Deeper reductions in car CO2 emissions are both technologically feasible and economical, especially if manufacturers promote electric drive—study [press release]
A CO2 target of 70 g/km for new cars in the EU could be met with very little electrification and with an average payback period of less than 4 years.
But transitioning soon to electric drive could lower manufacturers’ compliance costs by as much as €500 per vehicle in 2025
Average new car CO2 emissions must decrease from the present 120 grams per kilometer (g/km) to 95 g/km by 2021 under current European Union regulation. No further reductions are presently mandated, but new targets for 2025 and 2030 are under discussion in Brussels. In 2013 the European Parliament recommended an “indicative range” of 68–78 g/km for 2025, while holding out the possibility that even lower targets should be considered if justified.
A new study by the International Council on Clean Transportation uses detailed computer simulations and bottom-up technology cost estimates to show what CO2 target levels can be achievable at what incremental costs.
“Our analysis shows that a CO2 target of 70 g/km for 2025, on average for the entire new car fleet, can be achieved with either no or only modest levels electric vehicle penetration,” said Dr. Peter Mock, Managing Director of ICCT Europe. ” The total technology cost increment would be between €1,000 and €2,150, and the fuel cost savings would be on the order of €450 per year.”
Deploying the full range of combustion engine technologies, including hybrid electric vehicles, would be sufficient to reduce the fleet average CO2 emissions to 70 g/km, the study found. “The average car buyer would recoup the investment in vehicle-efficiency technology after 3 to 4 years, and save thousands of Euros more over the lifetime of the vehicle,” concludes Dr. Mock.
While a CO2 target of 70 g/km could be met without significant deployment of electric vehicles, the study found that exhausting all the potential gains from combustion engine technology improvements before transitioning to electric drive would be a relatively costly approach for vehicle manufacturers. Switching sooner from conventional gasoline and diesel vehicles to plug-in or battery electric vehicles would reduce compliance costs.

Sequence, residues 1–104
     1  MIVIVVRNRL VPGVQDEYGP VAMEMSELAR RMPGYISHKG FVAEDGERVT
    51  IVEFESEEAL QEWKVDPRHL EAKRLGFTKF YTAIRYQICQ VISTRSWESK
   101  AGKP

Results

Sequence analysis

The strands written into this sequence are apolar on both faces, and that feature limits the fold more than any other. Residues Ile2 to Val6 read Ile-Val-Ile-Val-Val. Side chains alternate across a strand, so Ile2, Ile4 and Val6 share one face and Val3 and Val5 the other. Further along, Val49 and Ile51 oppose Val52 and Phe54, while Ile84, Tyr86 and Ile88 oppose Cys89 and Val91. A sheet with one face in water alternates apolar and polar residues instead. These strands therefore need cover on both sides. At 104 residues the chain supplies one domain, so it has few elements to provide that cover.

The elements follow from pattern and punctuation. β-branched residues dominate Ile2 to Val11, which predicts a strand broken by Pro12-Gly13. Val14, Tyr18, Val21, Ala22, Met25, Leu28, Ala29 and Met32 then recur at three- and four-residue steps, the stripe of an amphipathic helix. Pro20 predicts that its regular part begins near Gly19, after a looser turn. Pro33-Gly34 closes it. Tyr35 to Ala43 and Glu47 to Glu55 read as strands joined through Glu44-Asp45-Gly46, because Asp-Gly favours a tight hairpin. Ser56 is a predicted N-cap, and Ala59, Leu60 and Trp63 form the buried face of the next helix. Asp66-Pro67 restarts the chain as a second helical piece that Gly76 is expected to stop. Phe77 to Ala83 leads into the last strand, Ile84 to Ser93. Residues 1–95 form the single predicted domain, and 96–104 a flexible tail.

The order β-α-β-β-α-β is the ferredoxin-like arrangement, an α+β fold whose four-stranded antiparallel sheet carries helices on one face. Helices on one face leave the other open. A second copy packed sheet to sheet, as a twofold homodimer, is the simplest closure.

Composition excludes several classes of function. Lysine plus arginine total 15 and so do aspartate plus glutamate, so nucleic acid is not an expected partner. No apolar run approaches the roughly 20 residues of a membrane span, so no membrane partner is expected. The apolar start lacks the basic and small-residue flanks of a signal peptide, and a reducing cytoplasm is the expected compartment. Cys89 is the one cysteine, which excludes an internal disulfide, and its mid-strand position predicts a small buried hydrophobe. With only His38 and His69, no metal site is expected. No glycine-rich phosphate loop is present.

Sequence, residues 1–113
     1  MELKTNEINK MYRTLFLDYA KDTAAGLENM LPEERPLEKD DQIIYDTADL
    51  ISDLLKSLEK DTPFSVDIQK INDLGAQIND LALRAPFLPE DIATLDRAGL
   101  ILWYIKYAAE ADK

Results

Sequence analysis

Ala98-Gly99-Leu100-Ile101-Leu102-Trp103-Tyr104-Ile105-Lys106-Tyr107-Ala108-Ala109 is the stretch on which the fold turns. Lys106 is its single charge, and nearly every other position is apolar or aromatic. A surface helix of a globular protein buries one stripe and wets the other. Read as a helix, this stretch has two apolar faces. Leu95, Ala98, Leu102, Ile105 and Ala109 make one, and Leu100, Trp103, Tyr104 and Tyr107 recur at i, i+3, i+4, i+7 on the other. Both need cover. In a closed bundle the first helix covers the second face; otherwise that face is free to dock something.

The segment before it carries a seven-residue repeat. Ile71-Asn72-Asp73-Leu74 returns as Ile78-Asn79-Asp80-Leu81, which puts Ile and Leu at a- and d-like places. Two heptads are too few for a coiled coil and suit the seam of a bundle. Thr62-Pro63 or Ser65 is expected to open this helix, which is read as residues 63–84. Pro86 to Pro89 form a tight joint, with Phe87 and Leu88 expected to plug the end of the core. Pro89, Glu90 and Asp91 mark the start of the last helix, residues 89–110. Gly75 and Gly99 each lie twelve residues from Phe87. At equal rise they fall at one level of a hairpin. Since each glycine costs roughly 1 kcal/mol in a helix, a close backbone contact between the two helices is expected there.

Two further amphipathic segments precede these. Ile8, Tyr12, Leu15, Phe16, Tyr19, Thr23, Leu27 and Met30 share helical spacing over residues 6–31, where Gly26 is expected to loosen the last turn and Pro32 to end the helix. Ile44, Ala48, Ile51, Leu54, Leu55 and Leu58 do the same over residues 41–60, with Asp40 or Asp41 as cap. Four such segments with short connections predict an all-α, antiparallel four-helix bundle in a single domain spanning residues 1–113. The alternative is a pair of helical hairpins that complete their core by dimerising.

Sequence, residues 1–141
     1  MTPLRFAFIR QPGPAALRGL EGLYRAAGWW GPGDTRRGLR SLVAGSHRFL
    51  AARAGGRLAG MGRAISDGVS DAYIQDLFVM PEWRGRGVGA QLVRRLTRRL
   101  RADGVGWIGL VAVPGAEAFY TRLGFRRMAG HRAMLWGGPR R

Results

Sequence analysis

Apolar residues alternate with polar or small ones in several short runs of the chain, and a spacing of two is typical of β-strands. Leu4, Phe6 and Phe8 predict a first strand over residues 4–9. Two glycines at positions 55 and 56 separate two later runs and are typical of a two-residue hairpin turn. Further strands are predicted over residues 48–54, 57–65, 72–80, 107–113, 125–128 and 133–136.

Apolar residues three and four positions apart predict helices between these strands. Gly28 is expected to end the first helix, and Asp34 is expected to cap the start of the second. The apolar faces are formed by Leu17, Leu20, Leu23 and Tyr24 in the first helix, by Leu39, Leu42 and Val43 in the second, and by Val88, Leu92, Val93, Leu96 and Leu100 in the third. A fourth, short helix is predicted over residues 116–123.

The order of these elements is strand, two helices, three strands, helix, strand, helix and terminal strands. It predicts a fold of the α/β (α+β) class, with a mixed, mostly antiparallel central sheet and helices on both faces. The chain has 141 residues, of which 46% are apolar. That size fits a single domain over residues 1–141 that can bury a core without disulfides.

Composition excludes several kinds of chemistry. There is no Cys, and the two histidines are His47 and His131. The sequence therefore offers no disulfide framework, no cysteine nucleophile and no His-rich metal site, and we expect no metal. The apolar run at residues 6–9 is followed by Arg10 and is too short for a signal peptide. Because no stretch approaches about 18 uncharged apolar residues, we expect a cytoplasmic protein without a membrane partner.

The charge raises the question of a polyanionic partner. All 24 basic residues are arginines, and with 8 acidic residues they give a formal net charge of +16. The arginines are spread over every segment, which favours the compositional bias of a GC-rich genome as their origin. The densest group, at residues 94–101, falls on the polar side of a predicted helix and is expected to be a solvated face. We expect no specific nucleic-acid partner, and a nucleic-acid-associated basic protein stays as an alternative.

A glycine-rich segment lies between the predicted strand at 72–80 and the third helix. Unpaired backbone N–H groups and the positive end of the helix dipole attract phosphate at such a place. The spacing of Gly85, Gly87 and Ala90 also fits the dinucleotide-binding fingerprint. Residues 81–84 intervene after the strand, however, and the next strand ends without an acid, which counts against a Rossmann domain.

“For 2025, manufacturers can meet a 70 g/km CO2 fleet target for €200 to €500 less per vehicle if they would start deploying electric vehicles earlier, and aim to reach a market penetration level of about 15 per cent by 2025,” explained Dr. Mock. The underlying reason: drastic reductions in battery costs in recent years. “We are already seeing that some European vehicle manufacturers, like Renault-Nissan and more recently Volkswagen, appear to be pursuing that product strategy.” For the year 2030, the ICCT study considers CO2 fleet target values of 40 g/km and lower as reachable, assuming that electric vehicles would make up a large share of new-vehicle sales by then.
Lowering the official average CO2 emissions of new cars will not by itself mean that Europe is making progress toward its climate goals. As another new ICCT report notes, the gap between official emissions values and real-world emissions in everyday driving continues to grow, reaching 42% in 2015.
A new vehicle type-approval test procedure for the EU, the Worldwide Harmonized Light Vehicles Test Procedure (WLTP), will likely reduce that gap beginning in 2017. But the WLTP also contains loopholes that manufacturers will be able to exploit, and the CO2 gap could grow again. “It is important that the European Commission not only set new car CO2 targets for 2025 and 2030 but also limit the gap between laboratory and real-world levels by defining an on-road conformity factor for CO2, as it has already done for air pollutants,” said Dr. Mock.
Contact: Peter Mock, firstname.lastname@example.org
CO2 reduction technologies for the European car and van fleet, a 2025-2030 assessment: Methodology and summary of compliance costs for potential EU CO2 standards [White paper]